Trump's claims that mail-in voting will be massively fraudulent, and that votes not counted by election night are somehow wildly more susceptible to cheating, are actually far beyond even Republican norms. They simply don't make sense — and state election officials will tell reporters that, if they ask.

Credit for this idea belongs to Paul Bernstein, a former editor in the Washington Post's Metro section. He wrote in an email:

It's unavoidable that many Trump supporters will see a conspiracy if key states shift from red to blue once the mail ballots have been counted. But this paranoia may be less widespread if state election officials (especially Republican ones) make statements NOW, before any votes have been counted, vouching for the integrity of the vote-counting process. And they won't issue such statements unless journalists press them on this point.


Trump, meanwhile, continues to say what were traditionally the quiet parts out loud: "Big problems and discrepancies with Mail In Ballots all over the USA. Must have final total on November 3rd," he tweeted on Oct. 26. (Twitter flagged this as possibly misleading.) ...................(more)

https://www.salon.com/2020/10/30/donald-trumps-election-mayhem-is-coming-journalists-must-be-ready-to-fight-back/




Atlantic City has a warning for the nation: Donald Trump brings ruin and despair


Atlantic City has a warning for the nation: Donald Trump brings ruin and despair
Trump looted and corrupted New Jersey's gambling mecca and then got out of town. Does that sound familiar?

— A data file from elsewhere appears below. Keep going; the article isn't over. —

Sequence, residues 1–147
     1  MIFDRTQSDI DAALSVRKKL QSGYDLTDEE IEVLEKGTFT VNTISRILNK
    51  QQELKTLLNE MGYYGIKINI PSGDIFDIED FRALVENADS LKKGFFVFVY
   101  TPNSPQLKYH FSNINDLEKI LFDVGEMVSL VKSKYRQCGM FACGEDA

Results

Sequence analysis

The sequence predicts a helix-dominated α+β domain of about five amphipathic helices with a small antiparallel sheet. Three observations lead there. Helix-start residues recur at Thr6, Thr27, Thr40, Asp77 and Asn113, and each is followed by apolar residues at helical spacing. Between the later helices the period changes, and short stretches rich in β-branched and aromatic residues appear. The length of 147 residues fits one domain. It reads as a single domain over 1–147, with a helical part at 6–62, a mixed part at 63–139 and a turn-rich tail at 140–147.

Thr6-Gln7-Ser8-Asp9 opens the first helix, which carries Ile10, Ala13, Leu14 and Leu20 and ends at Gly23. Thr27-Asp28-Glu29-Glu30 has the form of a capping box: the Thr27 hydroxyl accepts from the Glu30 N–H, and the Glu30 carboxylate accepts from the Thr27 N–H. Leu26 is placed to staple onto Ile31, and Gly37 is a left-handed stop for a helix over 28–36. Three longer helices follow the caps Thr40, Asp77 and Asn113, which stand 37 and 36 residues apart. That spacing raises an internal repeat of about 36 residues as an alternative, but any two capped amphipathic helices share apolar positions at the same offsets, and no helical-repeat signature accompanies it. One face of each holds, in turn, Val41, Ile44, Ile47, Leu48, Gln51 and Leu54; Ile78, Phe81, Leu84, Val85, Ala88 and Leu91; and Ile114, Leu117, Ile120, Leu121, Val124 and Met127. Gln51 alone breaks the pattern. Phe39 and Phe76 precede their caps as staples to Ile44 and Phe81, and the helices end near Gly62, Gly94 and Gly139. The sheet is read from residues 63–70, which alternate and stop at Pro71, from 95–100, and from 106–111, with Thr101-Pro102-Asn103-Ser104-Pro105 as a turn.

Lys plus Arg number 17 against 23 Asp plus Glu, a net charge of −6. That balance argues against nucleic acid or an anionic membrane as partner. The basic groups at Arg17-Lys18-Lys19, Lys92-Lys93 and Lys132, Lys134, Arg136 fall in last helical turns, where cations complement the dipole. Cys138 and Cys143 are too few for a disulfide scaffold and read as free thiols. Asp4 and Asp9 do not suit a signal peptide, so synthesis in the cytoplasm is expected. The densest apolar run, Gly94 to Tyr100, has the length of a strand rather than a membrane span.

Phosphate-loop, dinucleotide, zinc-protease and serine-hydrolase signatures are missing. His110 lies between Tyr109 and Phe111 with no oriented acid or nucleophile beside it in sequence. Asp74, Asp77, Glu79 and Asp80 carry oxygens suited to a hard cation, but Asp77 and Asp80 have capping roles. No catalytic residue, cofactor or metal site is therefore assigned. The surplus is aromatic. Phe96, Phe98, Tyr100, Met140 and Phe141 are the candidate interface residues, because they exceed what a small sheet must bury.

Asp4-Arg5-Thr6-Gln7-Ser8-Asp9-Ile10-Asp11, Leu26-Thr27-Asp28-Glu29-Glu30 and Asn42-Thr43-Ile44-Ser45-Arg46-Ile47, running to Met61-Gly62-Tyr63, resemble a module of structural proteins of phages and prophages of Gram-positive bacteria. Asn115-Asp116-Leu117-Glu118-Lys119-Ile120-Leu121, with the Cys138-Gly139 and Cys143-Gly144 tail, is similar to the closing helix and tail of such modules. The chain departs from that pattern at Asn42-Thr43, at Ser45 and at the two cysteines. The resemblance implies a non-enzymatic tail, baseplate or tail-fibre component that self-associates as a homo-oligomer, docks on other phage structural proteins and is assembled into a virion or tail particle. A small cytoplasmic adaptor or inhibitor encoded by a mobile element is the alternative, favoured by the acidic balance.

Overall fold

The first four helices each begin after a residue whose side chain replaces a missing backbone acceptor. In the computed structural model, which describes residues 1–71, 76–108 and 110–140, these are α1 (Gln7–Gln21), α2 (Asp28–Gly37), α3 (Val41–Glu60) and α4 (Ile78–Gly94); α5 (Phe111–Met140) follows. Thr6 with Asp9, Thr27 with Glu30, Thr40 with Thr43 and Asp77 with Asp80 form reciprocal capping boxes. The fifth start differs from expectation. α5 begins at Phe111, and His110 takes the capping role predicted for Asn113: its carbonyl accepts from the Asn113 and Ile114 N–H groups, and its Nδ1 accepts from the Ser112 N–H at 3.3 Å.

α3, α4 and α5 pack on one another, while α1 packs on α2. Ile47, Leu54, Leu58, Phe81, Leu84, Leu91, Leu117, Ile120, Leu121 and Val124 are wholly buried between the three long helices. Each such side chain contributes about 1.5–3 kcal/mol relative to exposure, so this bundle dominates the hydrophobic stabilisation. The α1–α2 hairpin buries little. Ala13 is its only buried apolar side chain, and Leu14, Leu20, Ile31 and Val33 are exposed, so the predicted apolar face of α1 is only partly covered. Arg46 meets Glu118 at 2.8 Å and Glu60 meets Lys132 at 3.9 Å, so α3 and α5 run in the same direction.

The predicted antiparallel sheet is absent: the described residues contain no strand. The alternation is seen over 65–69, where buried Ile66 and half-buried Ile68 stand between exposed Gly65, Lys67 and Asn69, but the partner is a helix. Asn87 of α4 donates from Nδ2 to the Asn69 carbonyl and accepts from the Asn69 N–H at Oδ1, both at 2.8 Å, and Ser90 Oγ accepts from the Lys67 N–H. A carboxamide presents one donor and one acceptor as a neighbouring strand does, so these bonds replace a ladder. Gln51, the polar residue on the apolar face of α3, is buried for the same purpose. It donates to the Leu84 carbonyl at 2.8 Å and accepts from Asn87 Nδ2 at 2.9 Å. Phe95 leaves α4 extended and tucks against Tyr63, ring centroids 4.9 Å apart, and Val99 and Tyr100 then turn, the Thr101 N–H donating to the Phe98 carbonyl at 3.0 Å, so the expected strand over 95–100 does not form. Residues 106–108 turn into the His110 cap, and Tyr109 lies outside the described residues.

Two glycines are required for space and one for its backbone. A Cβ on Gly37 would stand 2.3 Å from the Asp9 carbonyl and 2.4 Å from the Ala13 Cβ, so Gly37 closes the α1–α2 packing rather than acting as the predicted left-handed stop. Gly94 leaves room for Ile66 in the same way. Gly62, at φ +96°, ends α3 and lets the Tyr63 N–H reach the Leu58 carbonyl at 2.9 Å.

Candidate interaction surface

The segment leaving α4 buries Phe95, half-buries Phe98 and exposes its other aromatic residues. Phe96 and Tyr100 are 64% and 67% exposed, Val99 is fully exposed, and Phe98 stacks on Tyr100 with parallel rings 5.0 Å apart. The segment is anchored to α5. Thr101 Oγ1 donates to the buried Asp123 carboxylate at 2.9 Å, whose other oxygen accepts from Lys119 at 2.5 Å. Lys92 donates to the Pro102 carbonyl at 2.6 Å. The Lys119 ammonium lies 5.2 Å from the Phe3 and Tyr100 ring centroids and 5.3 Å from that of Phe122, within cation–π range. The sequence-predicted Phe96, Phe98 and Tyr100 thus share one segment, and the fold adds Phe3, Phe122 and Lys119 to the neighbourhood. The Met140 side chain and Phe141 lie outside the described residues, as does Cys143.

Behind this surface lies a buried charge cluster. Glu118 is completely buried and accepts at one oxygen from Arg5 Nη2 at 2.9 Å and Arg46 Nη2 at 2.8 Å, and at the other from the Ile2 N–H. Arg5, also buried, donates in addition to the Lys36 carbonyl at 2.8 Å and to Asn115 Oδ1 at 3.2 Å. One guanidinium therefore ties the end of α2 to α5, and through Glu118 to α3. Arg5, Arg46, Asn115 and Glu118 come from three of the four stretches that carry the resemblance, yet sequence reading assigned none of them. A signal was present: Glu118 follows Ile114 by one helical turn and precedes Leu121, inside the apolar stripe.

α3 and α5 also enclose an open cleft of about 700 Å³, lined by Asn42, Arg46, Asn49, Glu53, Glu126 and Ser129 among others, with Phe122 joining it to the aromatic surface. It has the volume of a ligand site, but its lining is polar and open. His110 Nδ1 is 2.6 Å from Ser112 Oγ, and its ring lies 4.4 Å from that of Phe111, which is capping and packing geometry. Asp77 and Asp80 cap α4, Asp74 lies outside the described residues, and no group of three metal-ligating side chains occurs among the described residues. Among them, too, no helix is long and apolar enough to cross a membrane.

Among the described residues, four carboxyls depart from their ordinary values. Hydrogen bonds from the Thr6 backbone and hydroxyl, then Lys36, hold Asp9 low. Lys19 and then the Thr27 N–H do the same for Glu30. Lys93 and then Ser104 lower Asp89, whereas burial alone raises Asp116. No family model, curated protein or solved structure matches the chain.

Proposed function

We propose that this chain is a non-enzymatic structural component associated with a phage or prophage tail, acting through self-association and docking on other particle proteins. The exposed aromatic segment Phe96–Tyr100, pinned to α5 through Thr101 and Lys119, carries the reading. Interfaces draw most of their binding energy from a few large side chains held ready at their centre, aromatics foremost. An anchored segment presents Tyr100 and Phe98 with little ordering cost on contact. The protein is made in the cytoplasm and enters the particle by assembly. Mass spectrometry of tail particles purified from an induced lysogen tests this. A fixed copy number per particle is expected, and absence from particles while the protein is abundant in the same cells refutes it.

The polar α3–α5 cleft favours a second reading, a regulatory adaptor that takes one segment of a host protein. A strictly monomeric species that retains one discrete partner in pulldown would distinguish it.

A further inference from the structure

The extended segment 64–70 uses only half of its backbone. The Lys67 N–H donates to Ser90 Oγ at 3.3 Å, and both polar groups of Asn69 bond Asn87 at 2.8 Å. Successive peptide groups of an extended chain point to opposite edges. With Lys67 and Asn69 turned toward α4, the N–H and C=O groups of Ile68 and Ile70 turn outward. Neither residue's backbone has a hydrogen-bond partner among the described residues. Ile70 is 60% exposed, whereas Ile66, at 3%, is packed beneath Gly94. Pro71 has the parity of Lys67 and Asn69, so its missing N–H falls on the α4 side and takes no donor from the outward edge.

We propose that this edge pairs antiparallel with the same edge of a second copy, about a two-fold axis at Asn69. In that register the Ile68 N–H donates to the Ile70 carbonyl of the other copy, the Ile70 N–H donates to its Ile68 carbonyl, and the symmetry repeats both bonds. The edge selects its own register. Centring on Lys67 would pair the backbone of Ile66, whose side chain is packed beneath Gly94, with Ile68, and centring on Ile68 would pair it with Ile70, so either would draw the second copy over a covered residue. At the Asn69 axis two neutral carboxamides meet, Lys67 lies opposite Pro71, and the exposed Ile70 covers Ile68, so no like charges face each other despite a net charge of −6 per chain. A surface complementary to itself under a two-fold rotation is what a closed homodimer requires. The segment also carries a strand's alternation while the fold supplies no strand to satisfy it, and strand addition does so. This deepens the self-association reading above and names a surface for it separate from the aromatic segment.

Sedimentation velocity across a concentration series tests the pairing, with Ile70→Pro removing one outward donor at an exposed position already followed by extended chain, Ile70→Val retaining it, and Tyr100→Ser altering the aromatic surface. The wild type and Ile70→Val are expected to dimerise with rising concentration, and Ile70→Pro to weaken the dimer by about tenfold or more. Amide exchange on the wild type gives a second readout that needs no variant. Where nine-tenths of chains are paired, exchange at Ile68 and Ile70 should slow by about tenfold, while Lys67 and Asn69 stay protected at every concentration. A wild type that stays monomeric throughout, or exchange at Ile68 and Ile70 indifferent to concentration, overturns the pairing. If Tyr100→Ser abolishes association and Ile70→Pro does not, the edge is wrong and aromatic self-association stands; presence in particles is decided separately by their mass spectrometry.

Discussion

BOB HENNELLY
OCTOBER 30, 2020 10:00AM


With just days to go before the general election the nation is amidst another wave of a once-in-a-century pandemic, with a president who has refused to commit to a peaceful transition of power, even if his opponent gets more votes.

How did New Jersey — my home state — go from being the "Crossroads of the American Revolution" to being implicated in our republic's disease-ridden authoritarian dead-end?

Was our current national misery all presaged by Donald Trump's spectacular collapse in Atlantic City, which is so evident years later in the hulking ruin of the vacant Trump Plaza at the heart of the iconic boardwalk?

If Trump tries to subvert democracy, will New Jersey — which Lincoln Steffens once described as "the traitor state" for its embrace of corporate trusts — be implicated for the way the state's media and political elites indulged him?

....(snip)....

"Trump became the classic case of 'too big to fail,'" said Torricelli. "His empire was never built on a firm financial ground. He was always problematic and the state always feared his failure and that created leverage (for Trump). … They allowed him to self-destruct. It would have been a better favor to Donald Trump and the state of New Jersey had the regulations been stricter, and he certainly should not have been permitted to develop excess capacity, which weakened every other casino in Atlantic City." ..............(more)

https://www.salon.com/2020/10/30/atlantic-city-has-a-warning-for-the-nation-donald-trump-brings-ruin-and-despair_partner/